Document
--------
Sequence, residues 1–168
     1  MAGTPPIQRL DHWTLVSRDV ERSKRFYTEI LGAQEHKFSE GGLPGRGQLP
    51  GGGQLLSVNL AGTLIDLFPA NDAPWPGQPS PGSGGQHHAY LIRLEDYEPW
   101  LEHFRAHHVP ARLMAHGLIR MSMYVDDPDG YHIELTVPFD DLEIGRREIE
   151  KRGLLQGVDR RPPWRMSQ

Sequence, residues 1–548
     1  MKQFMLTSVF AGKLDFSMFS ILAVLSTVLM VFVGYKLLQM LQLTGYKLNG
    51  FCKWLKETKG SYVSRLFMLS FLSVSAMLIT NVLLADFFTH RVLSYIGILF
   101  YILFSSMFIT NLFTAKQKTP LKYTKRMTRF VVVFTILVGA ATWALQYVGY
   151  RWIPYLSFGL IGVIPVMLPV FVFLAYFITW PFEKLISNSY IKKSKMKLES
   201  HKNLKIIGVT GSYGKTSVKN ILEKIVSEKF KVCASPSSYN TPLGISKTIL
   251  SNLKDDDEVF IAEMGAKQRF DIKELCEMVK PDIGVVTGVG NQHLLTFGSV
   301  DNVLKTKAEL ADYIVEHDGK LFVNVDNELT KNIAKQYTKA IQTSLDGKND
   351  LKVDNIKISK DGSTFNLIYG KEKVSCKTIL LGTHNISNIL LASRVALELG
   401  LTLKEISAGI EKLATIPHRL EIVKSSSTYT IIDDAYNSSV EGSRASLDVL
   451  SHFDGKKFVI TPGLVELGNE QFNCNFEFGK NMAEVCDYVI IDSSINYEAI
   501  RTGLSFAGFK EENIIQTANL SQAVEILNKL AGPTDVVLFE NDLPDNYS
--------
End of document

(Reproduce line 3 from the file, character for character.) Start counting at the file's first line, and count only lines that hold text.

    51  GGGQLLSVNL AGTLIDLFPA NDAPWPGQPS PGSGGQHHAY LIRLEDYEPW